Today, Jose is a sophomore at Arizona State University. Jose says, "I realize that I would not have had the opportunity to attend St. Paul's Academy without school choice...[it] allowed me to make choices and open doors that I know will have profound impacts on the rest of my life."
-Horatio Alger Association: "State of Our Nation's Youth"
-Goldwater Institute: "Tax credit scholarships provide a win-win scenario"
-Goldwater Institute: "The Arizona Scholarship Tax Credit: Providing Choice for Arizona Taxpayers and Students"
On October 12, I offered Arizona Republic columnist Jon Talton a steak dinner if he could produce just two control-group studies demonstrating either that parental satisfaction or academic performance declines for students in a school choice program.
While Mr. Talton failed to produce any such evidence, Dr. Jay Greene finds that studies on the topic show "a surprisingly uniform consensus" that school choice works.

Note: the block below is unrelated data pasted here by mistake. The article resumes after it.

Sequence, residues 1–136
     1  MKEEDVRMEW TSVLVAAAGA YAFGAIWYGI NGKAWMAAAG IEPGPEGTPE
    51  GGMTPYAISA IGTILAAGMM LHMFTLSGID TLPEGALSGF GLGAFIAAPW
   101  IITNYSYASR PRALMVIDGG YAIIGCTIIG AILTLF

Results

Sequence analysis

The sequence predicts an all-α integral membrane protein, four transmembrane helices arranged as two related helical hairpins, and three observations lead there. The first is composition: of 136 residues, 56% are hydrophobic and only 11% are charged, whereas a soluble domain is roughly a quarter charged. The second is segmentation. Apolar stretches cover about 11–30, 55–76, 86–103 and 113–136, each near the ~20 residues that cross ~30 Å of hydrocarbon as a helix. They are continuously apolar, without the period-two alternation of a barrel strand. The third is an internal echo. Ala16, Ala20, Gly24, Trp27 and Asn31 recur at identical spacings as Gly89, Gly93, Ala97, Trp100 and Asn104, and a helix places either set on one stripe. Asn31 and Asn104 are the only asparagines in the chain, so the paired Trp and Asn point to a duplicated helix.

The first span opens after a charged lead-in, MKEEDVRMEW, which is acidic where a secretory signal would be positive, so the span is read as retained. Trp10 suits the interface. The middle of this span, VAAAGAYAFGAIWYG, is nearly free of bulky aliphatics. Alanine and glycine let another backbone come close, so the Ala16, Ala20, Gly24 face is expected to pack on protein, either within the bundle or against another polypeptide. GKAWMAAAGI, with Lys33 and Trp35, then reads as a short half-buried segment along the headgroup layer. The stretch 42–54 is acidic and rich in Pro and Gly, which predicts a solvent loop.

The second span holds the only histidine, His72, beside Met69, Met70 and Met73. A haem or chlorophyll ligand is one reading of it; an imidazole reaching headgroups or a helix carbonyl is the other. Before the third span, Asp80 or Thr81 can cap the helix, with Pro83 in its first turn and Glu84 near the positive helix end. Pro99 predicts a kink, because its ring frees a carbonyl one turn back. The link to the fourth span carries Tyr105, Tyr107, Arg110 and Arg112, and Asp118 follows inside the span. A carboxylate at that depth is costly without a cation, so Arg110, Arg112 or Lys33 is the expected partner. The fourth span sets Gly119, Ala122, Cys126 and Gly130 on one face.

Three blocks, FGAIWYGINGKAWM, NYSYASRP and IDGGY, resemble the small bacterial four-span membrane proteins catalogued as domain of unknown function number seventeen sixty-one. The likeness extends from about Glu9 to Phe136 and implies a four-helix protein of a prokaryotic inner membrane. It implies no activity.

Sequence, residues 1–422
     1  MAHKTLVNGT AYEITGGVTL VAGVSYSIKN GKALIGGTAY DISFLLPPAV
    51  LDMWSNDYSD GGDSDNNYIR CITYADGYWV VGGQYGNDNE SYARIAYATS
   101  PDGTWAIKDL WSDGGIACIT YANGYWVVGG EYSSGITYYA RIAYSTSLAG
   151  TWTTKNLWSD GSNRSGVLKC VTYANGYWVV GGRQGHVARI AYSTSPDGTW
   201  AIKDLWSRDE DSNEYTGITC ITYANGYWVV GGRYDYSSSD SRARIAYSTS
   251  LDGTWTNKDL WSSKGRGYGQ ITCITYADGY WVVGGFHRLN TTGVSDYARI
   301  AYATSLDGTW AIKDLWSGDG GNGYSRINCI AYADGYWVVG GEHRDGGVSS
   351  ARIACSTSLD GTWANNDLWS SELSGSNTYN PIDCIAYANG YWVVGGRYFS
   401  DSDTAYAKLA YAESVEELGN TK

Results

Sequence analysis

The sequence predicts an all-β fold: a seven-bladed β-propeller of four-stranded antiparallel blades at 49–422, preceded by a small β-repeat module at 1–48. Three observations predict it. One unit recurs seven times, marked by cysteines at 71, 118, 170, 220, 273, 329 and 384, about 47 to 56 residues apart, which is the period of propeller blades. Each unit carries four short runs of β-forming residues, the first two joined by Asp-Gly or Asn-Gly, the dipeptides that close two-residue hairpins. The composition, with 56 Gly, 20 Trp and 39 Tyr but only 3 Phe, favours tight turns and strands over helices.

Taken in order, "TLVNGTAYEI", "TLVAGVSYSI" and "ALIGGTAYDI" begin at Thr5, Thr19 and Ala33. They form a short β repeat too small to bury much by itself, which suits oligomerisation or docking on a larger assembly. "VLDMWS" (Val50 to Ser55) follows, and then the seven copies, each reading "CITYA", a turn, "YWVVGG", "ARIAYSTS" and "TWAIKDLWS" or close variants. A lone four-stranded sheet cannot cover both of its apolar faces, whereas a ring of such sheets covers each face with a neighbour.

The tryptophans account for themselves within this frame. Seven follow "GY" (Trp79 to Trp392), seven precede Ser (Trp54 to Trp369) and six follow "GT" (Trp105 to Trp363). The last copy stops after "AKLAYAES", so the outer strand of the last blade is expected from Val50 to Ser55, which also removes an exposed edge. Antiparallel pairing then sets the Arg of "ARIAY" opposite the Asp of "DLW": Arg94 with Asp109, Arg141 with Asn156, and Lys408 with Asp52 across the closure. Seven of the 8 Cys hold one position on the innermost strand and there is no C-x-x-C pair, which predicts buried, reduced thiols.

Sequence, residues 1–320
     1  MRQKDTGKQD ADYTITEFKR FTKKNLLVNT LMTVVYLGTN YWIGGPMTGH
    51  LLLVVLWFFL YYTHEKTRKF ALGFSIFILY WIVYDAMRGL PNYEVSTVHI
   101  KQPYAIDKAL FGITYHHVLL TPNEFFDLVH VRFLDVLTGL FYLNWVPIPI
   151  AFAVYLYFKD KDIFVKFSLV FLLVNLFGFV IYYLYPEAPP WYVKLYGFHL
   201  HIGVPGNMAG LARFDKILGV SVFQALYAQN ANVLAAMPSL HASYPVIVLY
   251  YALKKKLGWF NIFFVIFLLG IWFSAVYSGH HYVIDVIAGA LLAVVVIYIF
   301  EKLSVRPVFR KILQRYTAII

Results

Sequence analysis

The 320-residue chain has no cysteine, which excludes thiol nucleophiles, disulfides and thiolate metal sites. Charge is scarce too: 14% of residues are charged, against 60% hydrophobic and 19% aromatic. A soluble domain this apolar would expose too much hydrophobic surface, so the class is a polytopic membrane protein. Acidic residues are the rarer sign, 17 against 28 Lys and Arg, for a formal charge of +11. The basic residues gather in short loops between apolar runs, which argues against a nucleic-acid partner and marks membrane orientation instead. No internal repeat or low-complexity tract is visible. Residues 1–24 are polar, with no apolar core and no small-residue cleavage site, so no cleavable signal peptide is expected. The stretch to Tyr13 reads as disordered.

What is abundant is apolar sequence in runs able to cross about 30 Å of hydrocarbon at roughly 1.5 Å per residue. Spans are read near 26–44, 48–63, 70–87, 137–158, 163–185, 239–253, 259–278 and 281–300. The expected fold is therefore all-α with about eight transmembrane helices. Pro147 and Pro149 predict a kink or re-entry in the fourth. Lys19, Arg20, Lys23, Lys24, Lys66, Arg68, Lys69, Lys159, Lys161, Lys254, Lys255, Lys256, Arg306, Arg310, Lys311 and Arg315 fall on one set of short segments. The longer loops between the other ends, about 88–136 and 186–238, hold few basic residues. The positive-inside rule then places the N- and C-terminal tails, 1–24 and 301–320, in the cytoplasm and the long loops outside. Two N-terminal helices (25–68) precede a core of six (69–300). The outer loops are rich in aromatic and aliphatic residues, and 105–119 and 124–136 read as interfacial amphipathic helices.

Let me expand the challenge: the first person in the next week who responds via e-mail with two control-group studies showing a decline in parental satisfaction or student achievement in school choice programs wins a steak dinner.
Several groups, including the Arizona Education Association, routinely attempt to muddy the waters by claiming that the research is "mixed." But the only sense in which the research is "mixed" is in varying degrees of the positive results. If I am wrong, opponents of school choice should prove it. If they cannot, it would be best to recall Daniel Patrick Moynihan's warning that "Ideological certainty easily degenerates into an insistence upon ignorance."
The most recent Nation's Report Card shows that a shocking 48 percent of fourth-grade students in Arizona public schools score "below basic" on reading-a polite way to describe illiteracy. We can ill afford an insistence upon ignorance regarding the demonstrated benefits of school choice.